Spain’s Bonds Decline Before Fed Meeting; German Bunds AdvanceDavid Goodman and Anchalee Worrachate
Spanish bonds declined as Federal Reserve officials gathered in Washington for a two-day meeting to decide whether to start reducing asset purchases that have helped suppress borrowing costs around the world.
Italian 10-year securities snapped a two-day gain as data confirmed inflation in the euro area remained below the European Central Bank’s target for a 10th consecutive month in November. Germany’s bunds advanced even as a report from the ZEW Center for European Economic Research showed investor confidence in the nation rose to a seven-year high this month. A gauge of expectations of money-market interest rates fell to the lowest in a month.
“The focus is less on the European data at the moment but rather on the Fed’s decision tomorrow,” said Marchel Alexandrovich, senior European economist at Jefferies International Ltd. in London. “The ZEW data is strong and it suggested growing divergence between Germany and the rest of the region.”
Spanish 10-year bond yields climbed two basis points, or 0.02 percentage point, to 4.10 percent at 4:33 p.m. London time. The 4.4 percent security due in October 2023 fell 0.18, or 1.80 euros per 1,000-euro ($1,375) face amount, to 102.445. Italy’s 10-year yield was little changed at 4.05 percent.
Fed policy makers will reduce bond purchases from $85 billion a month at this week’s meeting, according to 34 percent of economists contacted by Bloomberg on Dec. 6. The percentage was 17 percent in a Nov. 8 survey. The Fed buys Treasuries and mortgage-backed debt to cap borrowing costs and boost the economy, a policy known as quantitative easing.
Euro-area inflation accelerated to an annual rate of 0.9 percent last month, the European Union’s statistics office in Luxembourg said. That’s up from a four-year low of 0.7 percent in October, and in line with an initial estimate released on Nov. 29. The ECB’s inflation target is near, but below, 2 percent.
The Mannheim-based ZEW said its index of investor and analyst expectations, which aims to predict economic developments six months in advance, jumped to 62 from 54.6 in November. That’s the highest since April 2006, and above the 55 level predicted in a Bloomberg News survey of economists.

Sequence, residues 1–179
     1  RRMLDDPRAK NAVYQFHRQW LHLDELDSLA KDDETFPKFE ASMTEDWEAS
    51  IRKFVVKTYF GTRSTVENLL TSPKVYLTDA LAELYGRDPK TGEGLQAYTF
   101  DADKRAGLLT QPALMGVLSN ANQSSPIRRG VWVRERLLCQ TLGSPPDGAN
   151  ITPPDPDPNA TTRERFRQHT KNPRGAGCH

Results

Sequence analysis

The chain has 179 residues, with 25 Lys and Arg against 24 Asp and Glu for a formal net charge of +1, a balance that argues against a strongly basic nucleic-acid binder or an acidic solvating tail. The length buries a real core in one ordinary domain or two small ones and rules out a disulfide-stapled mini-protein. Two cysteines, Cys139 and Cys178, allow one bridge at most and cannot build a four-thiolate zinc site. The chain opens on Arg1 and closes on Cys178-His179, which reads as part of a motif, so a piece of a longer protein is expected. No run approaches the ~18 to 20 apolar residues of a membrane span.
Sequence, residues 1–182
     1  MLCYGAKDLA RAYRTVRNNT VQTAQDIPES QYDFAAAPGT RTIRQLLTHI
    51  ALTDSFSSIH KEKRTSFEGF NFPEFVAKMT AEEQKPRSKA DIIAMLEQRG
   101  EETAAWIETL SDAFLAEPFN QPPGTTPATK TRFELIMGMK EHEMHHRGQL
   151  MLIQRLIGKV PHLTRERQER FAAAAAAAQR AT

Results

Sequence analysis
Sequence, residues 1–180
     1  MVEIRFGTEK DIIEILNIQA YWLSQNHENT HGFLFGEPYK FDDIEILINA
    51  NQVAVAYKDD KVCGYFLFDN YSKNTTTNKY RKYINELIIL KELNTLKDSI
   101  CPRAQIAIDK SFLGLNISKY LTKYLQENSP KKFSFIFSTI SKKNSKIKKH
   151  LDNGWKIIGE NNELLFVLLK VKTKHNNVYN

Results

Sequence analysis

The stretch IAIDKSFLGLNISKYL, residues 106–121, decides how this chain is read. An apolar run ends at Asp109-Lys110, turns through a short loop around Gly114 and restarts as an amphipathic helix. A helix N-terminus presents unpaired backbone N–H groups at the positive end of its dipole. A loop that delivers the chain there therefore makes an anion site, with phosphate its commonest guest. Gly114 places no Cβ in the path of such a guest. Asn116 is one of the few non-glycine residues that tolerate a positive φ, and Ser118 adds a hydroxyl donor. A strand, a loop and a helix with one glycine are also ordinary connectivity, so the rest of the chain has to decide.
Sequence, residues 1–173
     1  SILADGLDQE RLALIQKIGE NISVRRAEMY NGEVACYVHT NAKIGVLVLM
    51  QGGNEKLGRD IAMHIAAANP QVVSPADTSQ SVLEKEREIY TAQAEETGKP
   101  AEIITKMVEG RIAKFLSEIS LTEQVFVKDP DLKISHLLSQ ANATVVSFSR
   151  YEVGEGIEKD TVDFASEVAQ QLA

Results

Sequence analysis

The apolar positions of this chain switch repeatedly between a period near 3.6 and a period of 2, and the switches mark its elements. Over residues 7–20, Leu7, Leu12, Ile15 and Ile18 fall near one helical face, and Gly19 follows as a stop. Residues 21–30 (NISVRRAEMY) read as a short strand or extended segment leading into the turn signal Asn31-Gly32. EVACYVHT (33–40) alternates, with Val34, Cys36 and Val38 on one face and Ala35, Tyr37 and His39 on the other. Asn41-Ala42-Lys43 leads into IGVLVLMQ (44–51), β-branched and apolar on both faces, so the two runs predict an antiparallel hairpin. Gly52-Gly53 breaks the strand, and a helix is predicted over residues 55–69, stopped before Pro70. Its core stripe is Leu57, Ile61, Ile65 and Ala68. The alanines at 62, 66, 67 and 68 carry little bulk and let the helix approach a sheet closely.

“The inflation number today suggested the euro zone is still in a disinflationary environment while the ZEW data showed Germany is one economy that is going well amid a whole heap that aren’t,” said Peter Osler, head of rates strategy at broker Marex Spectron Group Ltd. in London. “That means the ECB is likely to continue with its easing bias although it might not have to do anything for a while.”
Germany’s 10-year yield fell one basis point to 1.82 percent after increasing to 1.89 percent on Dec. 6, the highest since Oct. 17. The two-year rate fell two basis points to 0.23 percent after rising to 0.264 percent, matching the high set on Dec. 13 that was the most since Sept. 11.
“There is a risk that if the Fed starts tapering the market will get ahead of itself and start to price in a rate hike,” Jefferies’ Alexandrovich said. “For European bonds, that will be another policy headache because it will potentially push yields higher, both in core and peripheral bonds, when the economic recovery is still very weak.”
The implied yield on futures contracts on euro overnight index average swaps expiring in June fell more than those expiring in February as investors bet the ECB will keep borrowing costs low for an extended period.
The implied rate on the June Eonia contract dropped three basis points to 0.16 percent, while that on the February contract declined one basis point to 0.18 percent, leaving the difference at minus two basis points, the most negative since Nov. 8, one day after the ECB cut its main refinancing rate to a record-low 0.25 percent.
Irish bonds were little changed after the government bought back 4.1 billion euros of debt maturing in January 2014. By buying back and canceling the bond, the agency lowered the nation’s debt-to-gross-domestic-product ratio. It came two days after Ireland became the first nation to leave an aid program since the euro region’s crisis began in 2009.
The rate on Ireland’s 3.9 percent bond due March 2023 was at 3.46 percent.
Spanish bonds returned 12 percent this year through yesterday, according to Bloomberg World Bond Indexes. Italy’s earned 7.7 percent, while Germany’s dropped 1.7 percent.